There might also be a final, group project in which you will work with several students on a more ambitious project.
Programming assignments that are turned in up to one week late will lose 15% of their grades as a penalty. Programs will not ordinarily be accepted later than one week after they are due. Even if your program is not complete or not working properly, you should still turn it in to receive partial credit.
There will be two in-class tests in addition to a final exam. The tests will be given on Monday, October 7 and on Wednesday, October 30. The final exam is scheduled for Monday November 25 at 1:30; it will be given in our regular classroom (Lansing 300). The final exam is scheduled to last three hours, but in fact it will be only slightly longer than the in-class tests. It will, however, be comprehensive, covering material from the entire term.
There will also be seven fifteen-minute quizzes, which will be given at the end of class on September 16, September 23, September 30, October 14, October 21, November 4, and November 11. This is every Monday, except for the last day of class and the two weeks when there is a test. It is extremely important to keep up with the material in this course, and I have found that weekly quizzes help students to do so.
If you miss a quiz or test without a very good excuse, you will receive a grade of zero. If you think you have an excuse for missing the quiz or test, please discuss it with me, in advance if possible. If I judge that your excuse is reasonable, I will -- depending on the circumstances -- either give you a make-up quiz or test or I will average your other grades so that the missing grade does not count against you.
Your numerical grade for the course will be determined as follows:
First Test: 15% Second Test: 15% Final Exam: 20% Quizzes: 15% Lab Reports: 15% Programming Assignments: 20%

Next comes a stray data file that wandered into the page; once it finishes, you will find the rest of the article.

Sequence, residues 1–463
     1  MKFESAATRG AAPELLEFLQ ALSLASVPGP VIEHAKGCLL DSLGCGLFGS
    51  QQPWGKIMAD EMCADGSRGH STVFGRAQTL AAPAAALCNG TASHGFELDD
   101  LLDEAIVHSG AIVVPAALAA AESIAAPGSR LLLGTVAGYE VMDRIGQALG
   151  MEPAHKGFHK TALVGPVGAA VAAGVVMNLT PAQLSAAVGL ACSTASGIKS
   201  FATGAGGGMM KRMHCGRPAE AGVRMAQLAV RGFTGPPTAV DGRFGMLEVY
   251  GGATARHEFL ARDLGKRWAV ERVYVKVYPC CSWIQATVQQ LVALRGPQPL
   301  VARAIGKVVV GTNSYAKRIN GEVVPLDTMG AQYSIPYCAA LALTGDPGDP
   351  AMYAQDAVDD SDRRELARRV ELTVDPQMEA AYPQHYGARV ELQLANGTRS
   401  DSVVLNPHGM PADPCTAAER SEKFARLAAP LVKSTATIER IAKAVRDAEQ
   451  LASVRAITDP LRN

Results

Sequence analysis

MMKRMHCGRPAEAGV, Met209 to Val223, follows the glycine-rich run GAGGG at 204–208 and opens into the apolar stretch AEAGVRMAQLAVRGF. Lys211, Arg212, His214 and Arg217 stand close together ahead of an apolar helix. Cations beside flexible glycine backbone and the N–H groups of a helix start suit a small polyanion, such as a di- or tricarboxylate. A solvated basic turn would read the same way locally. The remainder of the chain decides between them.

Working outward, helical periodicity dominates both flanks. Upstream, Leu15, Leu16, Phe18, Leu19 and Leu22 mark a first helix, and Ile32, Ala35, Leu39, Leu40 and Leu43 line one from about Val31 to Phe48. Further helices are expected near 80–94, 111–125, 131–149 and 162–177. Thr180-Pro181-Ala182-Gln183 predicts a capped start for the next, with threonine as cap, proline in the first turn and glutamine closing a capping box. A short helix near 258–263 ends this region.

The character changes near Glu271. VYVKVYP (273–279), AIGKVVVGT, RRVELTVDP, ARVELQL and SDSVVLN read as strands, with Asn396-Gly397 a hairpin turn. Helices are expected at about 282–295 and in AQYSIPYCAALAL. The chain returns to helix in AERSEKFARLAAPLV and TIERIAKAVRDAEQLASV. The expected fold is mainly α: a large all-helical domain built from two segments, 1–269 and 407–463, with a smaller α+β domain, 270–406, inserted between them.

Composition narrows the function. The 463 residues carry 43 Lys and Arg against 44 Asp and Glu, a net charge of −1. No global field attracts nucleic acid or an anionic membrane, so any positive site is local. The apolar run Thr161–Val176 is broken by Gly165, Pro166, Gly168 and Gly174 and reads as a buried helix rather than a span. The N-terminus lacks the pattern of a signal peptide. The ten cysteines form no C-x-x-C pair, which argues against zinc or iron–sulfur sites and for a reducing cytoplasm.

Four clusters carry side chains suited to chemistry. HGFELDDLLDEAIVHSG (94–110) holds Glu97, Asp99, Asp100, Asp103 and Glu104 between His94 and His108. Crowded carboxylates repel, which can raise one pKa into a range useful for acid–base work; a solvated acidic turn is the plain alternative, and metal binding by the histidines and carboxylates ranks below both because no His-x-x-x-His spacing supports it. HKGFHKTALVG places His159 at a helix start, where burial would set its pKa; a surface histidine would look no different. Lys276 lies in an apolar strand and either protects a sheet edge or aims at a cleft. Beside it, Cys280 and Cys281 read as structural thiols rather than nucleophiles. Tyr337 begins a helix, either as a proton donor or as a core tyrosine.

My scale for converting numerical grades into letter grades is:
A: 90% to 100% B: 80% to 89% C: 65% to 79% D: 50% to 64% F: less than 50%
Grades near the bottom or top of a range are modified by a minus or plus. I follow this scale fairly strictly, although I occasionally "curve" a test by adding some points to each person's score, if I judge that the original grades on the test do not accurately reflect the performance of students in the class.
Here is a schedule that I hope to follow for the course. The "chapters" refer to the on-line notes for the course:
Chapter 1 Sept 11 and 13 Chapter 2 Sept 16, 18, and 20 Chapter 3 Sept 23, 25, 27, and 30 Chapter 4 Oct 2, 4, and 9. First Test Oct 7 Chapter 5 Oct 11 and 14 Chapter 6 Oct 16 and 18 Chapter 7 Oct 21, 23, 25, and 28 Second Test Oct 30 Chapter 8 Nov 1, 4, and 6 Chapter 9 Nov 8, 11, and 13 Chapter 10 Nov 15 and 18 Final Exam Nov 25
My office is room 301 in Lansing Hall, just next door to our regular classroom. My office phone extension is 3398. I am on campus most days, and you are welcome to come in anytime you can find me there. I will announce office hours and post them on my office door as soon as my schedule is determined, but note that your office visits are not restricted to my regular office hours.
My e-mail address is ECK. E-mail is good way to communicate with me, since I usually answer messages the day I receive them. You already have an account on the Colleges' VAX computer that you can use to send and receive e-mail. If you don't know the password for that account, you should contact Barry Jones in Williams Hall.
The "home page" for this course on the World Wide Web is located at http://math.hws.edu/eck/cs124. (If you don't know what that means, you will soon!) This page will contain links to the on-line notes for the course, other sources of Java information, solutions to tests and quizzes, and more.